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Morris v. State

Court of Appeals of Georgia

February 20, 2015

MORRIS
v.
THE STATE

DUI, etc. Clayton State Court. Before Judge Cowen.

Judgment affirmed.

Knights Law Group, Stephen N. Knights, Jr., for appellant.

Tasha M. Mosley, Solicitor-General, for appellee.

MILLER, Judge. Doyle, P.J., and Dillard, J., concur.

OPINION

Page 164

Miller, Judge.

Following a jury trial, Johnny David Morris was convicted of driving under the influence (" DUI" ) less safe (OCGA § 40-6-391), driving too fast for conditions (OCGA § 40-6-180), failing to use brake lights (OCGA § 40-8-25), failing to use headlights (OCGA § 40-8-22), and a window tint violation (OCGA § 40-8-73.1). Morris appeals, arguing that the trial court erred by denying his motion for a directed verdict and that he received ineffective assistance from his trial counsel. For the reasons that follow, we affirm.

On appeal from a criminal conviction, we view the evidence in the light most favorable to the jury's verdict. See Wallace v. State, 294 Ga.App. 159 (1) (669 S.E.2d 400) (2008). So viewed, the evidence shows that Officer Randy Greenewold, of the Forest Park Police Department, was on patrol on the morning of December 15, 2012. At approximately 5:18 a.m., Officer Greenewold observed Morris driving on Old Dixie Highway, traveling 60 to 65 miles per hour in a 40 mile per hour zone and without any lights on.

Upon approaching Morris's car, Officer Greenewold noticed that Morris's eyes were glassy and he smelled of alcohol. Morris told Officer Greenewold that he had drunk a six-pack of beer three hours earlier. Based on this information, as well as Morris's performance on the horizontal gaze nystagmus test, the walk-and-turn test, and the one-leg-stand test, as well as Morris's positive alcohol breath test, Officer Greenewold arrested him for DUI less safe. Officer Greenewold also measured the car's window tint and determined that it was too dark.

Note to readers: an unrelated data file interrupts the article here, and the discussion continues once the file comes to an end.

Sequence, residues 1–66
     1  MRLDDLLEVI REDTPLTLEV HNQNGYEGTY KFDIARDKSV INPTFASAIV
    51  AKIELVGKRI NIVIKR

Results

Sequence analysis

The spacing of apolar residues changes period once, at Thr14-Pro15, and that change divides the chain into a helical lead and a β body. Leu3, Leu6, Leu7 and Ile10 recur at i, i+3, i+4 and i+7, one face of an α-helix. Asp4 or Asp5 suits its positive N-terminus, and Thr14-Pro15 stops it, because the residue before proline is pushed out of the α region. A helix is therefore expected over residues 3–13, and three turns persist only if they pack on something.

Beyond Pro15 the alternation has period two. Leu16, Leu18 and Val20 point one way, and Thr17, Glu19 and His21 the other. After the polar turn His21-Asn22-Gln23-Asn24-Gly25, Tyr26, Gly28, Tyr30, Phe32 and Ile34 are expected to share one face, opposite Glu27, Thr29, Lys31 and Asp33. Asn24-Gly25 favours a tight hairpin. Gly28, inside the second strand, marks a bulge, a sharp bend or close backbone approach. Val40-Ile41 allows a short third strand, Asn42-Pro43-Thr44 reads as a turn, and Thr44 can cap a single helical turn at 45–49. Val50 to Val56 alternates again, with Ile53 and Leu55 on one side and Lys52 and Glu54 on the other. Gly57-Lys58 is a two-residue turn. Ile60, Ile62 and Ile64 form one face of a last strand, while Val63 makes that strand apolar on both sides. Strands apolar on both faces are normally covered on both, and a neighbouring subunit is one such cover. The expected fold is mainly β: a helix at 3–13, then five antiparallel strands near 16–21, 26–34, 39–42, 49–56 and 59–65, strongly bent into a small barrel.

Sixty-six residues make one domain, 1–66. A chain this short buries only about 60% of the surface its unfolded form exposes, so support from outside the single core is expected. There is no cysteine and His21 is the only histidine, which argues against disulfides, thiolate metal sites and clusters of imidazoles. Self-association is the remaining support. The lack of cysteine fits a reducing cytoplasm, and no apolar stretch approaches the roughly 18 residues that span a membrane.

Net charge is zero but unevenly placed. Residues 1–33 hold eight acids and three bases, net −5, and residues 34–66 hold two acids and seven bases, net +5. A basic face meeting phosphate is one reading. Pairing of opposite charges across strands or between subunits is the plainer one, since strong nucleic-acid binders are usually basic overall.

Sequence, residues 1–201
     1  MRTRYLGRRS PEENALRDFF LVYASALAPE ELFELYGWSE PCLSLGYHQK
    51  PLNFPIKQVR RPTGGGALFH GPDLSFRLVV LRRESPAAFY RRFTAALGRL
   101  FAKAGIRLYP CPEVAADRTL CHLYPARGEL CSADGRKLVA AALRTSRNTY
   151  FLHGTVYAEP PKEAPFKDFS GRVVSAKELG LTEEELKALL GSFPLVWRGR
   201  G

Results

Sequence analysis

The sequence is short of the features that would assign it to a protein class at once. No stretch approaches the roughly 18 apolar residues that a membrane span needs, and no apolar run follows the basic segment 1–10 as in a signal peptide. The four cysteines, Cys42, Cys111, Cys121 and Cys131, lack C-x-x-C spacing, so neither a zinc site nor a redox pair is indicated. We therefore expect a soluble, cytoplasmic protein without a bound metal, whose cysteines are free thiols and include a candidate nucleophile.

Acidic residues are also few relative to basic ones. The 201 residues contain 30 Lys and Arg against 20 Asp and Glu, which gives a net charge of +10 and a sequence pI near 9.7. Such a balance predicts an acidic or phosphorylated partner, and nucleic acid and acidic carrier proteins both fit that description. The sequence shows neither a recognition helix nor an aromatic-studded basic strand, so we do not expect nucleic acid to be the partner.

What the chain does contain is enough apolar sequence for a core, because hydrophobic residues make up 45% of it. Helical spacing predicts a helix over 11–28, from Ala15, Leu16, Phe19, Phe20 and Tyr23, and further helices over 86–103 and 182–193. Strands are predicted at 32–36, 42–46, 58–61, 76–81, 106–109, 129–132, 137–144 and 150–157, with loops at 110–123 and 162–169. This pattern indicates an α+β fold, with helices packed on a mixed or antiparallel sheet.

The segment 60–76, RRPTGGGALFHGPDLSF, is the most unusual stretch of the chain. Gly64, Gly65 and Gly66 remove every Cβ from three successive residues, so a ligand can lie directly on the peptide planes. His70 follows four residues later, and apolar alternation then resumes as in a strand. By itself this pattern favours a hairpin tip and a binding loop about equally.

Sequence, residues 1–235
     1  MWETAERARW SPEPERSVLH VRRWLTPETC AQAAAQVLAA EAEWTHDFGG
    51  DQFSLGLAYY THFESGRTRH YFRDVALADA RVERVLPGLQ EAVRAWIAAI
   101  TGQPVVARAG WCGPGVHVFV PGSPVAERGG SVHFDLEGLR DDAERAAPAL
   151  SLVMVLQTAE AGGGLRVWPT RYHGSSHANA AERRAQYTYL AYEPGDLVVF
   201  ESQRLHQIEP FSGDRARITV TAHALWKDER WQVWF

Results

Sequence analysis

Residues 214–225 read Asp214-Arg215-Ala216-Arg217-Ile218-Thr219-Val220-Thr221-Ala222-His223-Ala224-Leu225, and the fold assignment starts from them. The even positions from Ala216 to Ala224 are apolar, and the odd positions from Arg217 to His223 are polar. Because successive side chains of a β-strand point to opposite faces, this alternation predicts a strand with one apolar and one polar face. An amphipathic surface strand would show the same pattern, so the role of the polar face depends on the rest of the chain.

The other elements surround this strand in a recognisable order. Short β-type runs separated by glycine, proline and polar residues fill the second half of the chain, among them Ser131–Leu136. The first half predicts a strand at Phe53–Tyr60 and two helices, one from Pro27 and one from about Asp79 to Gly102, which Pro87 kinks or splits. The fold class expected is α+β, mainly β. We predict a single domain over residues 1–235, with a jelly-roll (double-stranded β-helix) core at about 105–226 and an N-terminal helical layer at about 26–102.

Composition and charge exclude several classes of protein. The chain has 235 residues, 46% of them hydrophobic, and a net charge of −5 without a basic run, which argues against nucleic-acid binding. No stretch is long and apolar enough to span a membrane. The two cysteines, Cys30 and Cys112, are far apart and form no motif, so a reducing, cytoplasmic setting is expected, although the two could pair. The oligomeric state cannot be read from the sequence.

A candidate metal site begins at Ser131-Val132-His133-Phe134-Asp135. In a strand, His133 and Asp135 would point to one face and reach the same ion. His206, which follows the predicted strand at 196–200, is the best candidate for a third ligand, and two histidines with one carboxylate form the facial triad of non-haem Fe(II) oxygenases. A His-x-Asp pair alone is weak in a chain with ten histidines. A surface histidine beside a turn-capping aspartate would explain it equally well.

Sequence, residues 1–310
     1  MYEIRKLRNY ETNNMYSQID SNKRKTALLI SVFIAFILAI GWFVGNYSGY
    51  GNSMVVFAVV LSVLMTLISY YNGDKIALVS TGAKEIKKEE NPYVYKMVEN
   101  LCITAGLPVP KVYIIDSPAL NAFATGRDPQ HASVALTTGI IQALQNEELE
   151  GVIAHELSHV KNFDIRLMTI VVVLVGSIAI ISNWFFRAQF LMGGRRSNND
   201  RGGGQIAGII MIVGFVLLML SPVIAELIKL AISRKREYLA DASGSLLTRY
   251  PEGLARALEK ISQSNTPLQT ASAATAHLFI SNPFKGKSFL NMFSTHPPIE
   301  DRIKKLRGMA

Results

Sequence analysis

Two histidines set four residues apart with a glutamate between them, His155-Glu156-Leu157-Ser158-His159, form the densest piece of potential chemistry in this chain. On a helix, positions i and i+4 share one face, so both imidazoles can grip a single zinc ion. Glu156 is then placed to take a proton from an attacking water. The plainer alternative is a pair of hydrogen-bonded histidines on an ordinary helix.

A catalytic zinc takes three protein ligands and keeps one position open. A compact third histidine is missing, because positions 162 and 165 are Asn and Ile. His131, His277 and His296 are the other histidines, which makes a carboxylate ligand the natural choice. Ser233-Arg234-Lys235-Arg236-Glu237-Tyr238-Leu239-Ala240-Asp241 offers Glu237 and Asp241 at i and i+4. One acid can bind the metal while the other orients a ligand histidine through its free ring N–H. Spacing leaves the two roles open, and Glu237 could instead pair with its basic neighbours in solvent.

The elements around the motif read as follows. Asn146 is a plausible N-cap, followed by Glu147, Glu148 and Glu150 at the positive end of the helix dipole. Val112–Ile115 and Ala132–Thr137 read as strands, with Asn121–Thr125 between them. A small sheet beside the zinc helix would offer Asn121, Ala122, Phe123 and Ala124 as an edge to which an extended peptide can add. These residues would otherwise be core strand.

[330 Ga.App. 751] 1. Morris argues that the trial court erred in denying his motion for directed verdict, insisting that there was insufficient evidence identifying him as the driver. Morris's argument is without merit, because Officer Greenewold testified that Morris was the driver.

When the State first asked Officer Greenewold if Morris was the driver he arrested that night, Officer Greenewold hesitated and observed that it had been nearly two years since the incident. However, he ultimately responded in the affirmative and, at two points later in the trial, he again confirmed that Morris was the driver he arrested that night.

" [T]he testimony of a single witness is generally sufficient to establish a fact." (Citation omitted.) Crawford v. State, 301 Ga.App. 633, 635 (1) (688 S.E.2d 409) (2009). Given Officer Greenewold's identification of Morris, the evidence was sufficient for the jury to conclude that Morris was the driver. In addition, to the extent Morris challenges the credibility of Officer Greenewold's identification, that is a matter which fell squarely within the province of the jury. See id.

2. Morris argues on appeal, for the first time, that he received ineffective assistance from his trial counsel. However, appellate review of this claim is barred because Morris failed ...


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